CASE NO. 1319

Heard at Montreal, Tuesday, January 8th, 1985






Claims of Locomotive Engineer H.J. Biggs of Saint John, New Brunswick, dated November 28th and December 11th, 1982, for loss of earnings.


On both November 28th and December 11th, 1982, Engine Service Employee G.P. Rigby was called to work as Locomotive Engineer on the 1100 Yard assignment at Saint John, New Brunswick.

Subsequently, Locomotive Engineer H.J. Biggs who had already worked six shifts in each of the applicable work weeks submitted a time return for each day, claiming that Mr. Rigby who was qualified but not set-up on the working list of locomotive engineers at the time, had, as a result, been improperly called. Consequently, he, not Mr. Rigby, should have been called to work those tours of duty.

The Company declined the claims on the basis that Locomotive Engineer Biggs had earned his maximum entitlement for each of the work weeks in question consistent with article 48A of agreement 1.1.



General Chairman FOR: Assistant Vice-President Labour Relations.

There appeared on behalf of the Company:

D. W. Coughlin Manager Labour Relations, Montreal

J. B. Bart Labour Relations Officer, Montreal

J. A. Sebesta Coordinator Transportation, Montreal

H. W. Hartman Labour Relations Officer, Moncton

B. W. Lowerison Assistant General Superintendent, Transportation, Moncton

And on behalf of the Brotherhood:

G. Thibodeau General Chairman, Quebec

G. F. Love Local Chairman, Moncton



The question to be resolved in the circumstances described in the Joint Statement is whether the Company was obliged under article 48A of agreement 1.1 to assign to the grievor, Locomotive Engineer H.J. Biggs, overtime work after he had completed a sixth shift beyond his regular work week. It is clear that article 48A obliges the Company in the circumstances of that provision to extend a locomotive engineer the opportunity to work a sixth shift beyond his regular work week at the overtime rate. The issue raised by the Trade Union is whether the Company's obligation under article 48A also required it to assign the grievor a seventh shift at the overtime rate. Or, alternatively, could the Company look to other means to meet its manpower needs?

What the Company in fact did in this case, was to assign on two occasions extra work (thereby avoiding payment of the overtime premium) to an Engine Service Employee, Mr. G.P. Digby. It is common ground that Mr. Digby is characterized as a "demoted employee". A demoted employee seems to connote an employee who is trained and qualified as a locomotive engineer and who holds seniority under the BLE agreement but who is regularly employed (in this case as a trainman) under the UTU agreement 4.16. It is important to note that on both occasions when Mr. Digby was assigned BLE Yard work the grievor had worked a sixth shift beyond his regular work week at the overtime rate pursuant to article 48A of agreement 1.1.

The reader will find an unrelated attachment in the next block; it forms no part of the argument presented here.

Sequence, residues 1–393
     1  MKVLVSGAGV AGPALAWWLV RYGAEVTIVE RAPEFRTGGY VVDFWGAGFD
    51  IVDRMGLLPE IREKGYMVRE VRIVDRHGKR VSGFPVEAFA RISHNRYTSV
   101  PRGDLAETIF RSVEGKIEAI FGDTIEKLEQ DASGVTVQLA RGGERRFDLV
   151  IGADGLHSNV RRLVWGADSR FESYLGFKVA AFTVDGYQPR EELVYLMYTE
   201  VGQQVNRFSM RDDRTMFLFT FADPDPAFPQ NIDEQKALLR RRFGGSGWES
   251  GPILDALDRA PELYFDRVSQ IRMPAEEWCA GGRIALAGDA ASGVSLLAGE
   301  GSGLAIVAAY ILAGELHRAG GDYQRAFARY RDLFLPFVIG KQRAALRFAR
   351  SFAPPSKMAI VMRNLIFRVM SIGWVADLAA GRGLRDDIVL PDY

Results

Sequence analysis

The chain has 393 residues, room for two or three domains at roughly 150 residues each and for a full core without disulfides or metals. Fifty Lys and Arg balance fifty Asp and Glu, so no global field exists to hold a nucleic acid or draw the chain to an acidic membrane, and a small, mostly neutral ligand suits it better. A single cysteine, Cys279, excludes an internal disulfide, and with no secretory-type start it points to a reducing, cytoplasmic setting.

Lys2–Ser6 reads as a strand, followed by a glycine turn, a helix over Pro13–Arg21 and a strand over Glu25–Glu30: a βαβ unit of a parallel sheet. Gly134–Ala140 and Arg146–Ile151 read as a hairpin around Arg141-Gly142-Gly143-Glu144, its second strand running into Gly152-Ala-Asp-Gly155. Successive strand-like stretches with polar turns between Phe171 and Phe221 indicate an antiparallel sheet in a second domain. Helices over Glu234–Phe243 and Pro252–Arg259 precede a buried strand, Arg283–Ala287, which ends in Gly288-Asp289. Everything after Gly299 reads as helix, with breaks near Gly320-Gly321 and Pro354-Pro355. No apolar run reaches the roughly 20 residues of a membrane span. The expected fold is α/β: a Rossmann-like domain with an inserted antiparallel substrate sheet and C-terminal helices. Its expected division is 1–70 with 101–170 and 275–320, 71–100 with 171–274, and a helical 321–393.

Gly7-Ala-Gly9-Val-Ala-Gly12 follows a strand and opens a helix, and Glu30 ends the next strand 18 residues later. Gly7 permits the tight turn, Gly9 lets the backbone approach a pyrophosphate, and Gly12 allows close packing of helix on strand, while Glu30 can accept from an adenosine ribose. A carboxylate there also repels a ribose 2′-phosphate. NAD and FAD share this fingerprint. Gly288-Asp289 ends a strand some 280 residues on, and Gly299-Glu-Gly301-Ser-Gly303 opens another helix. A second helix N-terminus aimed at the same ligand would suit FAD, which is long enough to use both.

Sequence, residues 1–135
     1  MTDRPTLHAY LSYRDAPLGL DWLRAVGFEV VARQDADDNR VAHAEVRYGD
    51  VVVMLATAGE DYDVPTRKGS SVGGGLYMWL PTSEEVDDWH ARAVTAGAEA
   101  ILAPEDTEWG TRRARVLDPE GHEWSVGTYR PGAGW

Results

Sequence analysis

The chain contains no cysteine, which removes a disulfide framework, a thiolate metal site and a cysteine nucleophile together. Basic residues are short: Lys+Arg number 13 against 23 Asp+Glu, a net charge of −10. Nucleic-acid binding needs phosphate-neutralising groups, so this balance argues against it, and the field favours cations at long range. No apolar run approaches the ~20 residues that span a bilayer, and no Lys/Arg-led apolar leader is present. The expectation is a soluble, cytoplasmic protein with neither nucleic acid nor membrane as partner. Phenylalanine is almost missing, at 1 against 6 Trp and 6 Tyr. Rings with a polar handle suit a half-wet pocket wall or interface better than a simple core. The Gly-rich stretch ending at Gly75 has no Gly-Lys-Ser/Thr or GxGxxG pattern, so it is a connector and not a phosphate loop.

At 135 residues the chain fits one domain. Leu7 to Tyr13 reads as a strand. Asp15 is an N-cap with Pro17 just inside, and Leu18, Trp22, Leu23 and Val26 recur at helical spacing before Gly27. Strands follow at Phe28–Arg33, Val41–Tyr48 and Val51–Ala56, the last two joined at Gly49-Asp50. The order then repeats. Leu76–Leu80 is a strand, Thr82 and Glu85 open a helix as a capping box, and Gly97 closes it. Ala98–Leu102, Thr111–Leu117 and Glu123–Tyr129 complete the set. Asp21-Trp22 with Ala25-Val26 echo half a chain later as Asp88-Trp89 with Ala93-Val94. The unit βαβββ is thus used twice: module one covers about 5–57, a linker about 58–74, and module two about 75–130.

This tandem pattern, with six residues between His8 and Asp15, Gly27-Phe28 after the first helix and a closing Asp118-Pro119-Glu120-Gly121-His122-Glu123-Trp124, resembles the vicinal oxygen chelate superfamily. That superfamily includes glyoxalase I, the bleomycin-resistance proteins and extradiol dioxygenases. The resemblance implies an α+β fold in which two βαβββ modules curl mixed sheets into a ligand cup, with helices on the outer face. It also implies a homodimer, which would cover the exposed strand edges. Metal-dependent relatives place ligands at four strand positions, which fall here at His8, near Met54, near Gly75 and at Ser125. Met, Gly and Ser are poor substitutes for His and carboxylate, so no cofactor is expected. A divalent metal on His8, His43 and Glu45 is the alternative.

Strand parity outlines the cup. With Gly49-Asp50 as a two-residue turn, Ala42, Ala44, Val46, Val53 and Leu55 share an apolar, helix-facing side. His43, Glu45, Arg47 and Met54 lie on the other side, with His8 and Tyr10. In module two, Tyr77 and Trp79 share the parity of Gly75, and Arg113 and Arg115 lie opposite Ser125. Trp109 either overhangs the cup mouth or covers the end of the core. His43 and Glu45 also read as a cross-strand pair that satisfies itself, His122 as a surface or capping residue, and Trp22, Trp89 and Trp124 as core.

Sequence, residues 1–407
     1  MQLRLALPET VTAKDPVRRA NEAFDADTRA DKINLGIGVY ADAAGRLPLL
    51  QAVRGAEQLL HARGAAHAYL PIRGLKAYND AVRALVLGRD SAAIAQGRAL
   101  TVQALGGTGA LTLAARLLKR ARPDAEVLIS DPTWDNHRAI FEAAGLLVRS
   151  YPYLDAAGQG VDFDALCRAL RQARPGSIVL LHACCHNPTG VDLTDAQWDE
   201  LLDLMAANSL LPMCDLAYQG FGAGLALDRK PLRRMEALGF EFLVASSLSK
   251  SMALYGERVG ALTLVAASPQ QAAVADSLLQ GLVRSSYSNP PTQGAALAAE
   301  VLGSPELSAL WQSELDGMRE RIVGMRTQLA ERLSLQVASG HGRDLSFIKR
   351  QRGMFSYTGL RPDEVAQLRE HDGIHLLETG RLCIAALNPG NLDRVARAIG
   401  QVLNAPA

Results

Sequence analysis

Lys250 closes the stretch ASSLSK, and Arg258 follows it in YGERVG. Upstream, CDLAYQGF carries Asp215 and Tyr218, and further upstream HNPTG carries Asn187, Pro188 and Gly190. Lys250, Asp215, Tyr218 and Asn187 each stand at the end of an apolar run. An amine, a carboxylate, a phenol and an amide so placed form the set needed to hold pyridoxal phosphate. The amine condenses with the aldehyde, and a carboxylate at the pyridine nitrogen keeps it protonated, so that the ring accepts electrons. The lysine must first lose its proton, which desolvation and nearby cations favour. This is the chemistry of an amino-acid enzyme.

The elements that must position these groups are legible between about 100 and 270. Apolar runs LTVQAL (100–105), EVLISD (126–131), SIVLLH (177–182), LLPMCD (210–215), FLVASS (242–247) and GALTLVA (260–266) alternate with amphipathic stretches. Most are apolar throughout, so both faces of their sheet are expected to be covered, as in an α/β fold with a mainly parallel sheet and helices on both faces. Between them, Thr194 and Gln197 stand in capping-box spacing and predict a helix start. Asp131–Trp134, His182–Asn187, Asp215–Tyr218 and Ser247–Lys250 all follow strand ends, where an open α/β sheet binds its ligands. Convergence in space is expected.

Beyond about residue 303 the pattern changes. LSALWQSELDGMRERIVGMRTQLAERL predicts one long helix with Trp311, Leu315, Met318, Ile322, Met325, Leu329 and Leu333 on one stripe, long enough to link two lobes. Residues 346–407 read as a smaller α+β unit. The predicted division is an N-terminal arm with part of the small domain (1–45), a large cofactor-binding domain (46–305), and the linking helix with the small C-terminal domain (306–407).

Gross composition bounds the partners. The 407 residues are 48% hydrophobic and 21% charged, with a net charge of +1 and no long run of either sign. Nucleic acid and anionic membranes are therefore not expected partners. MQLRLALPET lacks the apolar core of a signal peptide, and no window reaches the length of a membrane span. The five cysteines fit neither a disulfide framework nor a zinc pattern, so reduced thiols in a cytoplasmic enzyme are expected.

It is my opinion that once the Company assigned the grievor a sixth shift, as aforesaid, no further obligation was owed to Mr. Biggs under article 48A of agreement 1.1. Apart from any considerations that might apply under the Canada Labour Code, I quite agree with the Trade Union's submissions that nothing contained in the collective agreement prevented the Company from giving Mr. Biggs another overtime shift. But, that is not to say that there existed any obligation contained in article 48A or any other provision of the collective agreement that required the Company to give him a seventh shift. Indeed, the Company's obligation with respect to overtime was spent after the grievor completed his sixth shift at the overtime rate.

Now, article 101.3 of agreement 1.1 also allows the Company in expressly prescribed circumstances to have recourse to the manpower assistance provided by a "demoted employee". And, when such recourse is made the Company is only obliged to pay the "demoted employee" at the straight time rate. This is exactly what was done when the Company elevated Mr. Digby to perform locomotive engineer's work in circumstances where operational needs, due to manpower exigencies, required it.

It may very well be that the Trade Union's charge that Mr. Digby was not properly on "a working list" (denied by the Company) could be authenticated. But quite frankly, that was not the original thrust of its grievance. The Trade Union rested its case on the perceived obligation on the Company to award more overtime work to Mr. Biggs beyond a sixth shift under article 48A of agreement 1.1. That allegation has not succeeded and the grievance accordingly must be denied on that basis.

(signed) DAVID H. KATES